Young people are spending less time consuming news than previous generations, according to Pew Research Center.
A new documentary opening next week promises to shed light on the late J.D. Salinger, one of America’s most famous and mysterious authors.
One of the people who agreed to speak about the reclusive author is Joyce Maynard, who dropped out of Yale after her freshman year to live with Salinger in New Hampshire.
She received a lot of criticism for writing about that relationship in her 1998 memoir “At Home in the World.”
As she tells Here & Now, she hopes that the documentary will drive people to seek out the truth in her story, rather than criticize her outright.
To aid that effort, she is republishing her memoir.
Here & Now’s interview with Maynard about her new novel, “After Her,” will air next week.
ROBIN YOUNG, HOST:
It's HERE AND NOW.
Next week, a new documentary will raise the curtain on one of American literatures most mysterious figures.
(SOUNDBITE OF MOVIE TRAILER, "SALINGER")
A. SCOTT BERG: The publication of "Catcher in the Rye" in 1951 was a revolution.
TOM WOLFE: There had not been a voice like that.
EDWARD NORTON: When you're a kid and you read "Catcher in the Rye," you're just like, oh my God. Somebody gets it.
JOHN CUSACK: I remember that being the first book you take with you.
MARTIN SHEEN: It is a phenomenon. How many millions and millions came to that book?
BERG: The great mystery is why he stopped.
YOUNG: He, being J. D. Salinger who stopped publishing in 1965, died in 2010. In between, he was rarely seen outside his Cornish, New Hampshire, home. One of those who did see him, Yale freshman Joyce Maynard.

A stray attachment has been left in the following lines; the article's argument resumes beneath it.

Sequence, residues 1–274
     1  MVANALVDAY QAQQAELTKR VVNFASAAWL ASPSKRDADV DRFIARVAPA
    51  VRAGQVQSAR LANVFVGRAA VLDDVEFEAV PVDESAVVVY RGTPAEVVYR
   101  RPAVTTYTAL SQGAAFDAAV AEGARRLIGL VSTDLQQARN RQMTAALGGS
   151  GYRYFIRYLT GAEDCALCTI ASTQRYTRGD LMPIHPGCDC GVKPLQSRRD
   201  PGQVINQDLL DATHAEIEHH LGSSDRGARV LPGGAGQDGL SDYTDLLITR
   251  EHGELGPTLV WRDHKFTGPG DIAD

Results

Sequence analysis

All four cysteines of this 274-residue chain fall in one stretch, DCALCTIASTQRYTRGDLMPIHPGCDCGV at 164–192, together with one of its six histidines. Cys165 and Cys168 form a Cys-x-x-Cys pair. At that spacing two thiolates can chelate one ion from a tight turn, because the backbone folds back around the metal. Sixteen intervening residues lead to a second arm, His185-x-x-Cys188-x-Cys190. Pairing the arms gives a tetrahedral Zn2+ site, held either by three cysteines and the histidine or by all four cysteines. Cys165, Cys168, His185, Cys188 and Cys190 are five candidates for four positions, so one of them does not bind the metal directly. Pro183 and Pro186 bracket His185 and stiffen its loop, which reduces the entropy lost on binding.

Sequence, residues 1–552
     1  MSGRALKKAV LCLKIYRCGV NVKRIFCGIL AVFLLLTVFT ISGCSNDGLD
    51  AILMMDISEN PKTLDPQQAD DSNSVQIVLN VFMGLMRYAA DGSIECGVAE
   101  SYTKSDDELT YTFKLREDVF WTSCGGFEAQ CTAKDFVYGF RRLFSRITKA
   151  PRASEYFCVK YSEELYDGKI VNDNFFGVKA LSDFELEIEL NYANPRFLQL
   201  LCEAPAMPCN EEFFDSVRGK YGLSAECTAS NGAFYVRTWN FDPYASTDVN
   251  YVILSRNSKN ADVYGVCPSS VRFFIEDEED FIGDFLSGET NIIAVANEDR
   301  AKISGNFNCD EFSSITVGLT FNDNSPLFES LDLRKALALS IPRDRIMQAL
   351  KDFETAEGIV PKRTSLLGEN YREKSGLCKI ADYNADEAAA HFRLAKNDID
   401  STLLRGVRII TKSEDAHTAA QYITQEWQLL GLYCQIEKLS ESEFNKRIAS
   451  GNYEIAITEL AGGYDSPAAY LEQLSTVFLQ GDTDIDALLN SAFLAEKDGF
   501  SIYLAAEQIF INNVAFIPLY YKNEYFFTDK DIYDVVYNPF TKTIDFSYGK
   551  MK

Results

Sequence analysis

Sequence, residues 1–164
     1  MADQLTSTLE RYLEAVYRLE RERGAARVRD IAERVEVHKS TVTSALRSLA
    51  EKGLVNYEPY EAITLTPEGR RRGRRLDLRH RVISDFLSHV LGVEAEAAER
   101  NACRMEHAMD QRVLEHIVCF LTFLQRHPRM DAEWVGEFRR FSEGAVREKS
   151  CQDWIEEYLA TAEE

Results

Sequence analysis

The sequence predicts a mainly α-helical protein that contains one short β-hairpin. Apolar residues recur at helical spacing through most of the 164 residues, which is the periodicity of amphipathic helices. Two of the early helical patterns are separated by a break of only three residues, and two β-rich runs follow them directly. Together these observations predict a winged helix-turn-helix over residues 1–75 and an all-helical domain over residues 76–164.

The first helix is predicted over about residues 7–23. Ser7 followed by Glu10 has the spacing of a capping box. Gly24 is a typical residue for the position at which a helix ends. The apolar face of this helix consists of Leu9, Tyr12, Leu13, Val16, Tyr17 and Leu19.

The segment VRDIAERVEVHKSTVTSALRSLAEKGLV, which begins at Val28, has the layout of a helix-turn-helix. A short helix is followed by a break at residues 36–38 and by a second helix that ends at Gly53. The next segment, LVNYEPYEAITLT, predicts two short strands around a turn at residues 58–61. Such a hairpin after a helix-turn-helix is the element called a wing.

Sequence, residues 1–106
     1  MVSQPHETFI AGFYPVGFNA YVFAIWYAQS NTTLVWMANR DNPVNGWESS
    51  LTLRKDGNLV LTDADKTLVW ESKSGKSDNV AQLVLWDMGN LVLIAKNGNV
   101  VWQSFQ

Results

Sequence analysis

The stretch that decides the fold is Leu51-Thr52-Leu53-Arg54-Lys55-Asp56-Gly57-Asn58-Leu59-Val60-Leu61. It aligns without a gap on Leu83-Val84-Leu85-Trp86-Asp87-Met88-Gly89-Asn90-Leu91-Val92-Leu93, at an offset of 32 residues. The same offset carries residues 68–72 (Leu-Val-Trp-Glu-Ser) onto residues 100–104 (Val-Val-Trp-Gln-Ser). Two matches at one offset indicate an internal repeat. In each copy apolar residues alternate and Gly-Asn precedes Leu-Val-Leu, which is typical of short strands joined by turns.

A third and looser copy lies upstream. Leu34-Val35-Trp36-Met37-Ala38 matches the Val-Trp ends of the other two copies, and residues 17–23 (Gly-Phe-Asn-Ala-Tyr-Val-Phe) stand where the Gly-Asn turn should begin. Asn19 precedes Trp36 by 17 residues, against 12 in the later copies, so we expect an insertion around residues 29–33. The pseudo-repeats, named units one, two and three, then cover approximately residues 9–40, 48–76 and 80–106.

In 1972, Joyce wrote a New York Times cover story, "An 18-Year-Old Looks Back On Life." It captivated young Americans and J. D. Salinger, who was 53. He wrote to Joyce, asked her to come to New Hampshire to live with him. Their relationship lasted for nine months until Salinger abruptly ended it.
Joyce Maynard, of course, became an author in her own right and kept silent about their affair until her 1998 memoir, "At Home in the World." Many of Salinger's fans saw the book as an act of betrayal. She saw it as claiming her voice, which she continues to do. She told us that's why she agreed to appear in the new documentary.
JOYCE MAYNARD: It would not have been my choice that the name of a man who I last had a conversation with in 1973 would continue to haunt me on a regular basis. Not by my choice, but what am I to do? Say nothing? Let other people decide what the truth was? So I did after, with some hesitation, agree to be interviewed for the Salinger documentary, and I have no idea what it will look like.
My hope is that if people are interested in this story, they will go to the source. So I took great pains to make "At Home in the World" available again with a new preface. And the part that I'm proudest of is that, for the first time, I recorded it. It was a grueling process to sit in the studio and go over the story of some of the most painful experiences of my life. But I wanted people to be able to hear in my voice what happened.
YOUNG: Joyce Maynard. The new documentary, "Salinger," opens in theaters next week. And by the way, also next week, we'll have a conversation with Joyce about her terrific new novel, which is inspired by the true story of the San Francisco serial killer called the Trailside Killer. That's next week on HERE AND NOW. Transcript provided by NPR, Copyright NPR.